From fashion design to athletics, the appropriation of Native American cultural symbols is pervasive throughout the US. According to #PeopleNotMascots, a digital resource bringing attention to the detrimental misappropriation of Indigenous-inspired symbols in the US educational system, one in 26 secondary schools nationwide brandish a Native American mascot; in North Dakota, the number climbs to one in 15.
Recognizing Indigenous Peoples’ Day, Diné Tiktoker and crochet artist Lily (@sheshortnbrown) spread the word about the resource for identifying and protesting these mascots in your area. The website allows site visitors to search mascots appropriating Indigenous symbols in their state, also offering a template letter addressed to state legislators “to demand that they eliminate Native mascots within your state.”
For decades, Indigenous activists have lambasted the common trend of schools, sports teams, and other organizations appropriating Native American symbols as mascots. The usage of Native mascots is a pervasive issue. Debates around the appropriation of these images have been most visible in the realm of athletics, with several sports teams in recent years conceding to decades of protests and agreeing to change their names, including the Cleveland Indians.
Currently, just Washington, Maine, and Colorado have banned the use of Native mascots. The letter encourages lawmakers to follow in the footsteps of these states, stating: “Historically, Natives have not been treated as human beings. This has been seen through the atrocities such as residential schools, the Long Walk, the Trail of Tears, and mass genocide through colonization, and now Native mascots.”
According to the letter, “Native children that are overly exposed to racist stereotypes are more likely to have lower self-esteem, distance themselves from their culture, have a lower belief in personal achievement, and worsen mood.”
“Native people are not caricatures,” the letter beseeches. “Native people are not a monolith, they are diverse in customs and values. […] By bringing forth a bill alongside the aforementioned states, tax-payer’s funds will no longer be used to propagate harmful and dehumanizing depictions of Indigenous people — a vital step in reckoning with our nation’s past.”
Once denounced as “women’s work” with no artistic merit, embroidery is experiencing a revival, with a feminist punch.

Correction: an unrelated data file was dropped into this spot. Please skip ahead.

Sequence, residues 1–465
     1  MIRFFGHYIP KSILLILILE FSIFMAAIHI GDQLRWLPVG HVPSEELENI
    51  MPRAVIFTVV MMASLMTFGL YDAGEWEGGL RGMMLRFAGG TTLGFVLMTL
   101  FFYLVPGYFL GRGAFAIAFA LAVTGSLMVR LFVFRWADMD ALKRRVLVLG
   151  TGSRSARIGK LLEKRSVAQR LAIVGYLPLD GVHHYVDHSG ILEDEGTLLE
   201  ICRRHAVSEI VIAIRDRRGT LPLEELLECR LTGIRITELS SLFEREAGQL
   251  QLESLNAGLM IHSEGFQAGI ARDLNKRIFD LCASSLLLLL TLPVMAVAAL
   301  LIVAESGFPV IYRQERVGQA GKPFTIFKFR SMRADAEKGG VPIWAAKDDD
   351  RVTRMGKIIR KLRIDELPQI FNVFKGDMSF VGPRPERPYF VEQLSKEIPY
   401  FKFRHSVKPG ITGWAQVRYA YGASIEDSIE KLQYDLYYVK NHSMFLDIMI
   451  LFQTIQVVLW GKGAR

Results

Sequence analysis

Inspired by the journey made by the epic hero Homer’s Odyssey, a show at Villa Carmignac combines myth with contemporary issues.
This new kunsthaus in Potsdam shows modern and contemporary works of art from East Germany in what was once a terrace restaurant.
Courtney Stephens’s documentary on women’s travels from the 1920s to ’50s presents not just personal glimpses into daily life a century ago but also documents of colonialism.
Laura Larson’s City of Incurable Women draws from archival materials to speculate on the lives of women who were famously hospitalized for hysteria throughout history.
The Philadelphia organization offers artists on-site access to recovered materials, studio space, construction equipment, a $1,000 stipend, and more.
The company is asking users to verify their bank details via Plaid, a fintech company that recently settled a privacy class action lawsuit.
Each artist will receive $190,000 in cash and benefits from the Tulsa Artist Fellowship over a three-year period.
Drawn to Life at the Ackland in Chapel Hill, North Carolina, showcases 17th-century Dutch drawings of landscapes, portraits, preparatory studies, and biblical and historical scenes.
The 1,000-year-old Cañada de la Virgen ceremonial site will be protected from encroaching development.
A total of 24 board members stepped down from their posts after the art center’s parent company allegedly attempted to terminate 12 of their colleagues.
A group of artists and writers denounced the center for hosting Philippines President Ferdinand Marcos Jr., son of the country’s former dictator.